Scaling up market-based approaches to biodiversity conservation in Malawi and Zambia

Supporting nature conservation by promoting sustainable agriculture

Malawi and Zambia are endowed with unique aquatic and terrestrial ecosystems, which comprise of an abundant and diversified flora and fauna. According to the Secretariat of the Convention on Biological Diversity (SCBD), over 800 fish species have been described in Lake Malawi, the majority of them being endemic to the Lake. In Zambia, mammal diversity is estimated at 224 species, with over 28 species and subspecies considered threatened, endangered or vulnerable. The distinctive biodiversity of the two southern African countries, however, is increasingly threatened by the expansion of agriculture and settlement areas, leading to an alarming overexploitation of local ecosystems. Unsustainable social and economic development is rapidly diminishing Malawi’s and Zambia’s biological wealth, resulting in habitat loss and degradation of natural resources. Factors such as pollution, invasion by alien species, climate change, overharvesting of natural resources and a lack of recognition of indigenous knowledge and property rights add to the situation.

In order to address this, both countries’ national biodiversity strategies envisage a strong involvement of the private sector and the mobilisation of private investments. Market-based solutions developed by green micro, small and medium enterprises (MSMEs) bear significant potential to contribute to biodiversity conservation due to their high innovation capacity. However, both countries currently lack bankable business models and tailored instruments to operationalise biodiversity finance.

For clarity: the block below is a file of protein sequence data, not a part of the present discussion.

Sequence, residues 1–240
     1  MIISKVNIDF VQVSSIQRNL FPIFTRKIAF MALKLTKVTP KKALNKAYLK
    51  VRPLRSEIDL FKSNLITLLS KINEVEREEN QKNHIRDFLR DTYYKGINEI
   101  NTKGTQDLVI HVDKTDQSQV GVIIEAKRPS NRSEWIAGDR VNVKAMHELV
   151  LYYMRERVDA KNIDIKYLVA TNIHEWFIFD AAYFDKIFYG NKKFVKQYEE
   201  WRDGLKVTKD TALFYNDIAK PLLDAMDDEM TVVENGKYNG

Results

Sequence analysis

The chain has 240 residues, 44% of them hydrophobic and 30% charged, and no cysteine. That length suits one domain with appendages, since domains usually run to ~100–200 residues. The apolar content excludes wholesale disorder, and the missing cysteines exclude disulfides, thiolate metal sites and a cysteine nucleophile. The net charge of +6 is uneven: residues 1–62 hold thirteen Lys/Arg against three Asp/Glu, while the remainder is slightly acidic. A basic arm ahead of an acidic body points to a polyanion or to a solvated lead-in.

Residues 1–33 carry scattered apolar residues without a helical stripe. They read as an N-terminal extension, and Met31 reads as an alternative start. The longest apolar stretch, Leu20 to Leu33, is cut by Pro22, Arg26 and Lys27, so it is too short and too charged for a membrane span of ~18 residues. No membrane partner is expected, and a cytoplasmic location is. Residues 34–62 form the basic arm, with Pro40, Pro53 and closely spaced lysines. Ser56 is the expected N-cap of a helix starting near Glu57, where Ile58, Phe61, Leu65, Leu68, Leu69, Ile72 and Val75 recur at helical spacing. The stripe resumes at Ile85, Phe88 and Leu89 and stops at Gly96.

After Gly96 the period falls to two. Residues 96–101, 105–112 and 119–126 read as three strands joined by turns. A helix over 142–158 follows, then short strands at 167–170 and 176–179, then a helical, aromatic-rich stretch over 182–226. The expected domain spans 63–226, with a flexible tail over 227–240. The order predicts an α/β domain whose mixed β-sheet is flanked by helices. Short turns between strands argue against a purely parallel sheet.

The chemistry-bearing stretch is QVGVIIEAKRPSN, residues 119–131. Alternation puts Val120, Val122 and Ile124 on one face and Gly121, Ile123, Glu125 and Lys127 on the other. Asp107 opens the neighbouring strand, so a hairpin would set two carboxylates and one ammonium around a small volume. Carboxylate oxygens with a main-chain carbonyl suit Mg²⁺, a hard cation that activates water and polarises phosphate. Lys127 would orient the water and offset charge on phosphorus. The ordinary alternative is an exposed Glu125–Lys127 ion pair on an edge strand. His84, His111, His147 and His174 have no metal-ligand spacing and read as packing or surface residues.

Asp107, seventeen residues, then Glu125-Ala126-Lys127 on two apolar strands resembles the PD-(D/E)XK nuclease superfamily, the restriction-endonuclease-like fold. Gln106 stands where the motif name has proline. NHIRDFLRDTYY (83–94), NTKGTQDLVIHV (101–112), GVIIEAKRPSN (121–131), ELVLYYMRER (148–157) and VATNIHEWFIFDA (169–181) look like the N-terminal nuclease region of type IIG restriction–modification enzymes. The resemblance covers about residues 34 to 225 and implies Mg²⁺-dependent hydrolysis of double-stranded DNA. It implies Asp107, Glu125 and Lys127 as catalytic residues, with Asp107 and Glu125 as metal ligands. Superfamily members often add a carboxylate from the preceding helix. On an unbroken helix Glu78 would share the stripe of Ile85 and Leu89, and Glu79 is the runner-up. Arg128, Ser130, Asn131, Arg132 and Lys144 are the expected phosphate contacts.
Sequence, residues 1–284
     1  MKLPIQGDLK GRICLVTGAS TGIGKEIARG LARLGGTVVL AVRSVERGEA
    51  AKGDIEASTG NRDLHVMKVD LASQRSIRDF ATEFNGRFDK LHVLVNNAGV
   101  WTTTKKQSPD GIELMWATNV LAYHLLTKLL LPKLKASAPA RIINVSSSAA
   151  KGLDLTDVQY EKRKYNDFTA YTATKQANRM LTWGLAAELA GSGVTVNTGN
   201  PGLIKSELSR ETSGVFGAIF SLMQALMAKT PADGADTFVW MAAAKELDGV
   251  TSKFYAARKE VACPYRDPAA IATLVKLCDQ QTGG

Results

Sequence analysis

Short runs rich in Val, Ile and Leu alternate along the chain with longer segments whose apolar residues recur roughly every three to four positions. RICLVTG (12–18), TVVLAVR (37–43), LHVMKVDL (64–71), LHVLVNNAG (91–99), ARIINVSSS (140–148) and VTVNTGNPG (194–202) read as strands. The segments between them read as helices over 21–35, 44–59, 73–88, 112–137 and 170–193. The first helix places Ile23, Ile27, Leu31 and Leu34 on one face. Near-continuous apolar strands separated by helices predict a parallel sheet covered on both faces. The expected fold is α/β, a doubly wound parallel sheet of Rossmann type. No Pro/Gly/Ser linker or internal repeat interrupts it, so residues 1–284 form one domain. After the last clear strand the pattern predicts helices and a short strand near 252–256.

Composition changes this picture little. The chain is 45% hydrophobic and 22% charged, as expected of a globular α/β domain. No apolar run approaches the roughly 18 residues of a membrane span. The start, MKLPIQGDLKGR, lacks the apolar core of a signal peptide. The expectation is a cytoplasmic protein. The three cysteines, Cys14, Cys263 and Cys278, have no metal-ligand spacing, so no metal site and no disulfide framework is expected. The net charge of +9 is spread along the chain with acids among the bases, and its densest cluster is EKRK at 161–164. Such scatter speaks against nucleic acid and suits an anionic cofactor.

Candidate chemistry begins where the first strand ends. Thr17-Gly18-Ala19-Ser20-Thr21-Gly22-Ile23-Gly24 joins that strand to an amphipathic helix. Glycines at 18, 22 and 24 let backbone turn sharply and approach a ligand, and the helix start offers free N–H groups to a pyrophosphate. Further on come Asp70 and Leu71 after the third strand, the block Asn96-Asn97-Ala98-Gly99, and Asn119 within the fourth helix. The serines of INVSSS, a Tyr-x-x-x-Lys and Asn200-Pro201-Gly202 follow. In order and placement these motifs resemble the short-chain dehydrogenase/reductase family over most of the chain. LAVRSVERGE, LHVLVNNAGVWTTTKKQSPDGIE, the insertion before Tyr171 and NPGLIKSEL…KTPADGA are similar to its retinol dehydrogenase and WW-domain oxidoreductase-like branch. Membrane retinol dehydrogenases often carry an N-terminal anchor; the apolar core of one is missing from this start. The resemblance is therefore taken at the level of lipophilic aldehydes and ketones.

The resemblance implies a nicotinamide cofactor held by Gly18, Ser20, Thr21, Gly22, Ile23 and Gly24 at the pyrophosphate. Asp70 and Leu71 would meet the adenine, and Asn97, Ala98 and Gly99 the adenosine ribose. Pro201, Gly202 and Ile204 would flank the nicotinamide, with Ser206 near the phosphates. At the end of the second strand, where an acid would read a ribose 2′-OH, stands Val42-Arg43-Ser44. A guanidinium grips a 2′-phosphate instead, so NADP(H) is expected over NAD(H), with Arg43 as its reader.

This project mobilises biodiversity investments and scales biodiversity-friendly entrepreneurship, thus contributing to a sustainable use, conservation and restoration of ecosystems. The project benefits two main target groups: Biodiversity-friendly MSMEs and financial and public institutions in Malawi and Zambia. As to the first target group, it empowers biodiversity MSMEs to access finance to invest into growth. These enterprises have developed business models which from the outset are designed to conserve and restore ecosystems and thus create positive biodiversity impacts. Growing and scaling their activities thus increases positive biodiversity impacts. Highly interactive capacity building programmes (Accelerator Programmes; Replicator Workshops) will strengthen the capacities of biodiversity MSMEs in both countries. These will be complemented by Biodiversity Roundtables and other exchange formats to encourage cross-sector collaboration and increase awareness among various stakeholders.

As to the second target group – financial and public institutions, it aims to increase the understanding of conservation finance and design innovative financial instruments. Interactive trainings and Lab formats will strengthen the capacities of commercial banks and public actors to mobilise and operationalise biodiversity finance and engage a variety of stakeholders, including the private and financial sector to co-create financial prototypes.

adelphi is implementing the project together with the Lilongwe University of Agriculture and Natural Resources (LUANAR) based in Malawi and the Women's Entrepreneurship Access Center (WEAC) based in Zambia.

Publications of this project